A sad story
I recently got to talk to some people about Cloud technology and I tried to share my experience on this topic. I use to talk honestly to people, showing my point of view gained with my everyday work and not based on my role in Microsoft.
In the past I used to work with a lot of technologies, and I’m still a big fan of Open Source (that’s one of the reason why I love software) and this seems to be an hot topic in Microsoft too since we are in the TOP 10 contributors on GitHub.
Both for my work and for my passion for technology, I always try to be active on social communities, blogs, conferences and hackathon, and in the last year I faced with a very sad story about Microsoft Azure and tons of urban myths related to it.
I’ve learned that when someone talks about technology there are two crucial factors of influence:
the good or bad experiences he/she had with it
his/her personal thoughs about the owner of the technology
Microsoft has been one of the leading tech company in the last 40 years, and one of most known product is for sure Windows… the so much hated (and sometime also loved) Operating System of the Redmond’s company.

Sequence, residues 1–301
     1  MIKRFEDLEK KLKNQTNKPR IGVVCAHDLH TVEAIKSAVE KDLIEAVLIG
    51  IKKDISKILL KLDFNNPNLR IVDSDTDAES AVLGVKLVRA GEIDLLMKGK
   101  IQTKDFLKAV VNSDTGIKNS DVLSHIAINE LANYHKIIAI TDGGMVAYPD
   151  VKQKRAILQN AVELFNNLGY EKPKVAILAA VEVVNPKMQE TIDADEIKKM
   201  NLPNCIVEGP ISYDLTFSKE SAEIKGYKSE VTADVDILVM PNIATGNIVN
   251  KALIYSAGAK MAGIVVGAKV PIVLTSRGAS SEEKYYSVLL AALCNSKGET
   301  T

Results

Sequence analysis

I guess that a lot of people have experienced issues with Windows and I’m pretty sure that at least the 50% of them have seen a BSOD
The problem is that you cannot jump to conclusion that all Microsoft’s products are bad and, primarily, you should not have a negative opinion of a Product/Service if you haven’t tried and stressed it for real. So the first trouble I struggle with in my job is to reset people’s bias about Azure and let them explore all the services and products offered by this platform, which has been recognized as one of the best Cloud solution on the market; after that I am ready to hear a real feedback.
The top 5 mistakes
The simplest way for me to make people think over Microsoft Azure is to explain why some thoughts are totally wrong, showing them how many benefits they can reach using it.
1. I need a powerful Cloud platform for my complex infrastructure, I’m not developing a simple website!
This is for sure one of the worst thing I’ve ever heard from people. Azure is a complete cloud platform which offers a competitive and even more rich IaaS offering.
So if you are talking with someone who says this, he/she has probably never used, or explored in deep, Microsoft Azure! So just ignore this assertion and try to understand how you could use it to build even more a simple website.
2. Sorry but for my business I need to use Linux OS and Open Source software, that’s why I’m forced to choose <other-name> provider instead of Microsoft
Nobody never said that you have product or technology lock-in when adopting Azure as Cloud provider, rather you can choose from a full range of Linux distributions like Red Hat, Ubuntu, CentOS, SUSE, and community-driven solutions like Chef, Puppet, and Docker. There are no constraints for your DEV team (a lot of PaaS products for example propose Node.js as development environment) and there’s a full compatibility with 3rd party components from Oracle, IBM, and SAP.